The ultimate objective of our research is to develop improved technological solutions for communication within room acoustics, loudspeakers and hearing aids and noise control within transportation noise, vibration control, noise in buildings and the propagation of outdoor noise. Our PhD students carry out a substantial part of our research.
close collaboration with Acoustic Technology, the newly established Centre for
Acoustic-Mechanical Micro Systems (CAMM) focuses on precompetitive research
within mechanics, acoustics and acoustic-mechanical interaction for objects at
the micro-scale. Advanced dynamics and optimization being an important part of
the future research. The CAMM centre is partially funded by the three large
hearing aid companies; GN Resound, Widex and Oticon and staff members come from
both DTU Department of Electrical Engineering and DTU Department of Mechanical
- Sound Field
Analysis and Measurements
Sound and Vibration is concerned with fundamental aoucstic wave phenomena, including generation, transmission, relection, diffraction, scattering and absorption of sound wave propagation in structures and fluid-structure interaction.
and Transducer Technology
Electro acoustics deals with recording and reproduction of sound. The quality of the reproduced sound depends highly on the properties of the microphones and loudspeaker in the signal chain, due to the influence of their frequency response, directivity and nonlinear effects.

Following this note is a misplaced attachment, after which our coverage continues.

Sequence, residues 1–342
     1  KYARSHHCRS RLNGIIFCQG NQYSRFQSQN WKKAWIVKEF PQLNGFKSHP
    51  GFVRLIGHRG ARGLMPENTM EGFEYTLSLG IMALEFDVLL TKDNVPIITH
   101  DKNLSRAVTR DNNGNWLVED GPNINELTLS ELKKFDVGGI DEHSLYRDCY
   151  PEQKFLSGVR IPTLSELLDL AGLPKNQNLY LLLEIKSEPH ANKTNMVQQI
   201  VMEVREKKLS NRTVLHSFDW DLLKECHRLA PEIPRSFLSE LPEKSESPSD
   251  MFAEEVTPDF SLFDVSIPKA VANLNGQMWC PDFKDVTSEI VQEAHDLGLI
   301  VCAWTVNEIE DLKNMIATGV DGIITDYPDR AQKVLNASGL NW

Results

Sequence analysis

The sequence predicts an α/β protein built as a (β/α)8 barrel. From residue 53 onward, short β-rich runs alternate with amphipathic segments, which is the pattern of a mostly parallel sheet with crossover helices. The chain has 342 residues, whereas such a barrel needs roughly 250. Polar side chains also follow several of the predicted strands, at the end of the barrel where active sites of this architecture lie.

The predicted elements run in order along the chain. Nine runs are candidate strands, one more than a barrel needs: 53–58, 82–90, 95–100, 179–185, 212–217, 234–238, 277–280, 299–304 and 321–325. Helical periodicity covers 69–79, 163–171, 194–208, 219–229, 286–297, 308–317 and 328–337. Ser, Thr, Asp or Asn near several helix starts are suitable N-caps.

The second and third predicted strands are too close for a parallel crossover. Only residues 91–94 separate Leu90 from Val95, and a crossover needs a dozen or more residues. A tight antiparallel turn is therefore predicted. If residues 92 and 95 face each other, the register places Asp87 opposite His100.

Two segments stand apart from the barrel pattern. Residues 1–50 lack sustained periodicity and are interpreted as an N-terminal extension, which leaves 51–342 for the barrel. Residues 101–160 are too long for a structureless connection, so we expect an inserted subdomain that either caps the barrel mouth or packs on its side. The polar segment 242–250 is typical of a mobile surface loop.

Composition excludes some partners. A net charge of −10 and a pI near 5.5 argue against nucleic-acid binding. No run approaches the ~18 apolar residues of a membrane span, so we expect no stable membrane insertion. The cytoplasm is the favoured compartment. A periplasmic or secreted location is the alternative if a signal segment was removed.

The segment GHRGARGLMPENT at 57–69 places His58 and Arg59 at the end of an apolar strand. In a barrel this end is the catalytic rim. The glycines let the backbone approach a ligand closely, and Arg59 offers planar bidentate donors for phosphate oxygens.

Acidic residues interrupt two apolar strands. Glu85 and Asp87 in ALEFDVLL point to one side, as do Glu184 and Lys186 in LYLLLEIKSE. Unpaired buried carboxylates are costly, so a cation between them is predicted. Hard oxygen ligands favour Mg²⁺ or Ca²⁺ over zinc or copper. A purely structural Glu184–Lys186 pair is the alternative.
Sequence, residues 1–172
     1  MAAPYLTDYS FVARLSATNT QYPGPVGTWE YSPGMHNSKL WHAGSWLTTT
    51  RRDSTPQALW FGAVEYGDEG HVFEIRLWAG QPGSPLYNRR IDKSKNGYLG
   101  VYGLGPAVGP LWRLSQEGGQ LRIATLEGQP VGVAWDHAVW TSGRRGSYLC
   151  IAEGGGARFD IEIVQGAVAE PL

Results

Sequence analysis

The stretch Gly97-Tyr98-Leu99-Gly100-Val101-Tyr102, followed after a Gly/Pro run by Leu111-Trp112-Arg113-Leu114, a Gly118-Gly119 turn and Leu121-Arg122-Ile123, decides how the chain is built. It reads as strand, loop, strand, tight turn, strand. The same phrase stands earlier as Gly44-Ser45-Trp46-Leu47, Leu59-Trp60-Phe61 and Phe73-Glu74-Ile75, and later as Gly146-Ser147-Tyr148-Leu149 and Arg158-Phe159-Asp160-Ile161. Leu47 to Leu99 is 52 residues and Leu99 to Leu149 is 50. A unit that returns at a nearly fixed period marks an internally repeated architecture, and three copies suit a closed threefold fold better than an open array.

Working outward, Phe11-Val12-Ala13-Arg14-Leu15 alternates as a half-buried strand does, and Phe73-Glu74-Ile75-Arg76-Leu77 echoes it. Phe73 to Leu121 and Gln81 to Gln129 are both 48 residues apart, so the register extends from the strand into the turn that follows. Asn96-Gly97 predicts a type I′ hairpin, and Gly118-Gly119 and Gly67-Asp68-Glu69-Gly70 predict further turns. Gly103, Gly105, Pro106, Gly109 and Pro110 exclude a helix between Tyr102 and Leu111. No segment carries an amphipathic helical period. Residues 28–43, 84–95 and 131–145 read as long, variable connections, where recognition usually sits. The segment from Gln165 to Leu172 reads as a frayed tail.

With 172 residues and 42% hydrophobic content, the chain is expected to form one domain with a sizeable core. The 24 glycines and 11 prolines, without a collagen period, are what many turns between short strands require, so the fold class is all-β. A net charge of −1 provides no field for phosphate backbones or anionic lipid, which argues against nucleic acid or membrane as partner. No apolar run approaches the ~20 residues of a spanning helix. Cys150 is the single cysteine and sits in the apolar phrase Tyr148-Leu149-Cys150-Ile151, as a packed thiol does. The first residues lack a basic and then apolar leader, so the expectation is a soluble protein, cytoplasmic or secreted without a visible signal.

Vibration of mechanical systems and waves in solid structures in the audible frequency rang are subjects which form an integral part of engineering acoustics. The study of the phenomena of such vibrations and waves are called structure-borne sound, structural acoustics or vibro-acoustics; the three terms can be considered equivalent and interchangeable. Thus, vibro-acoustic is the study of the mechanical waves in structures and how they interact with and radiate into adjacent media
The tendency in building technology is toward lightweight materials. This presents a challenge for acousticians both because lightweight building structures are prone to have poor sound insulation compared with conventional heavy constructions, and because of the fact that the established, standardised models for predicting transmission of sound in buildings are unreliable for lightweight buildings.
We work in
close collaboration with Danish and foreign universities as well as with Danish
and foreign companies.